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*disclaimer: Seeds Family Worship is not affiliated with Fellowship Bible Church. Fellowship Bible Church makes no money from the sale of downloads or CD’s. This is for informational purposes only. All questions should be directed to SEEDS FAMILY WORSHIP.


A Message from the Field (TMoms) by Marya Elrod

Dear Brave TMoms,

 Isaiah 43:18-19

“Forget the former things; do not dwell on the past. Behold, I am doing a new thing! Now it springs up; do you not perceive it?  I am making a way in the wilderness and streams in the wasteland.”  


I love that picture of Him bringing life & hope to something that before was overwhelming and desolate.  But today, as I was reading that chapter again, verse 5 hit me in a new way.  “Do not be afraid, for I am with you; I will bring your children from the east and gather you from the west.” 


So here we are…some of our children are wondering in the east while we are evidently somewhere in the west…we tend to be scattered people even living under one roof…and God is the one doing the gathering, the pulling together.  He does not say for us to get ourselves together or come to Him when we think we can do it right.  He has His arms wrapped around our children and he has his arms wrapped around us in all our broken states. And He says, “Do not be afraid…See, I am doing a new thing!”


Have you had a chance to use your “How They Are Wired” chart to figure out some ways to SEE your teen differently?  Remember that vision for who God is creating them to be is what they see us reflecting back to them.  We can trust Him to do the work.  He is capable!


Side Note:  Below is the poster I started at TMoms in December the week Jenny Watson spoke.  She encouraged us to make a poster to remind us to be grateful.  My kids added to it and it took me until January to get it finished and hung up on our pantry door but it is helping me.  I forget so easily just how much I have to be thankful for! We may just keep adding things to this as we go! Thank you, Jenny!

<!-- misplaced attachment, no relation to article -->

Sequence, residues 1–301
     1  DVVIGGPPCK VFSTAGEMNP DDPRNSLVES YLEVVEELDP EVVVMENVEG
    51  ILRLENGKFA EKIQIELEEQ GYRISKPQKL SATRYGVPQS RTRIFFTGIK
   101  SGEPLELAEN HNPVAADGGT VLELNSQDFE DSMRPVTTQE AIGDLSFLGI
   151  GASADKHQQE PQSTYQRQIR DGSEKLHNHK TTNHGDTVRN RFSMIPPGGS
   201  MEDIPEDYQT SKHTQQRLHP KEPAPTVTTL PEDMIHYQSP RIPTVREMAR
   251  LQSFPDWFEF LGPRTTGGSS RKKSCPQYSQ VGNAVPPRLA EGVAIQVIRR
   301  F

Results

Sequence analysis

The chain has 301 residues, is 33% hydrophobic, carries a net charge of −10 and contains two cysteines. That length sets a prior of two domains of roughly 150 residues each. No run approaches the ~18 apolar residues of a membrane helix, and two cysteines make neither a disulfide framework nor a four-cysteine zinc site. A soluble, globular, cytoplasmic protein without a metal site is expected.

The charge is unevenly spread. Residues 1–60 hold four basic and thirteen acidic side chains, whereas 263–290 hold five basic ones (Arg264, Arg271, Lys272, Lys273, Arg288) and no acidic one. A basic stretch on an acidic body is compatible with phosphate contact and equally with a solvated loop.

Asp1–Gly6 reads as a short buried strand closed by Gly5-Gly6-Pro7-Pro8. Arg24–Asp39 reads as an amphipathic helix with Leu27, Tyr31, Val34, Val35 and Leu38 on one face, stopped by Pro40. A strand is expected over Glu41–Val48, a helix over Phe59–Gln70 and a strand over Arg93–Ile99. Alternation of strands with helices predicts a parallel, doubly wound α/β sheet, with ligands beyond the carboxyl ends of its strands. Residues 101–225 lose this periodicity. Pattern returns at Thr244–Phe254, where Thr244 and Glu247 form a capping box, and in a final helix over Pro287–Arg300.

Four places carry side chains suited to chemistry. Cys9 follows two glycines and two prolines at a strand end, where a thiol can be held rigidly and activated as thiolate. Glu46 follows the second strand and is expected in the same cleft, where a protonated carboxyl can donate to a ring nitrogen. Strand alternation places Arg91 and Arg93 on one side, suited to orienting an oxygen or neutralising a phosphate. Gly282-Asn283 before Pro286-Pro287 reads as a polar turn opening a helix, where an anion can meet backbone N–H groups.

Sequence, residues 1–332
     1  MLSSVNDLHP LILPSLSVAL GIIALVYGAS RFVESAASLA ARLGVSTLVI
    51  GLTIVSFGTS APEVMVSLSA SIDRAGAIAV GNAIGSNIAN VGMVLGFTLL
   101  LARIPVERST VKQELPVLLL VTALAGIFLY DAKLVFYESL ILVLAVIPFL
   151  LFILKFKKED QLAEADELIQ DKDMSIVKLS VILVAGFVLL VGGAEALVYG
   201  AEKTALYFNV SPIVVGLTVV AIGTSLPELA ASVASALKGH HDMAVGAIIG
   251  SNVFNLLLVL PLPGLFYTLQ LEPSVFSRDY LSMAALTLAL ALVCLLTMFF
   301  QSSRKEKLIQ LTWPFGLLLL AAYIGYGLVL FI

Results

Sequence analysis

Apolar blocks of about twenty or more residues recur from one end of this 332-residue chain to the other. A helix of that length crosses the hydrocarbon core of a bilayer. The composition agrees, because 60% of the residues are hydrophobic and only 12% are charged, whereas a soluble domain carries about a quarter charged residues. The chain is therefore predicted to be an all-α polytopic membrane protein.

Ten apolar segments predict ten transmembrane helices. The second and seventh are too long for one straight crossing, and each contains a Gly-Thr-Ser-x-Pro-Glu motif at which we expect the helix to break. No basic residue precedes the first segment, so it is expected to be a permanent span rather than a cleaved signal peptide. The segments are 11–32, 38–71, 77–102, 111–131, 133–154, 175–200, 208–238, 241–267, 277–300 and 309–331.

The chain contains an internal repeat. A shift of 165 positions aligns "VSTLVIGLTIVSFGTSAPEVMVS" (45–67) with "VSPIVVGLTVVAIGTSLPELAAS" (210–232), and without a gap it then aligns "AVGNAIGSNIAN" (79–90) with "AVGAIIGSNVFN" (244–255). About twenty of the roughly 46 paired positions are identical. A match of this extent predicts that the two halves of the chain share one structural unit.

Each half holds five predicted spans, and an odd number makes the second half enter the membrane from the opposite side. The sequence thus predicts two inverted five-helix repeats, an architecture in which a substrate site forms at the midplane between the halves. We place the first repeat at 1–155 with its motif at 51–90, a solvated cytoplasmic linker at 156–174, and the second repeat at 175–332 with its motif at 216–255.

In His Amazing Grace,




Open This Heart and Let me In! by Jenny Watson

“Let me come in” “Not by the hair of my chinny-chin-chin.” Then I’ll….

How many times could this be a script of a parent trying to get into a teen’s heart? The question for us – what will we fill in at the end of that sentence. Then I’ll… do what? Our teens think they know what we will do, and they are usually right. We are so predictable.


The chapters from, The Backdoor to Your Teen’s Heart discussed in December at T-moms gave us some fresh ideas, some unpredictable responses to help us answer the big question, “What’s a mother to do?”


The answers given by the book seem very simple. Creating an environment where our teens have an adequate amount of downtime and creating a place where laughter and joy are commonly heard will soften the hearts of our teens. But, when we see our son playing video games for hours, or our daughters watching marathons of America’s Next Top Model our skin begins to crawl. We can’t help ourselves. You can predict what happens next, “You have been doing that for too long. Get up and do something.” What does that communicate to our children? How does that make them feel? What would happen if we walked up and said, “I’m so glad that you have been able to have some time to play videos, or watch this show? I know you love it.”


While you have to have a balance and can’t allow this all the time, the holidays are upon us, and can’t we allow a little spontaneous downtime especially if that softens our teen’s hearts and allows us access?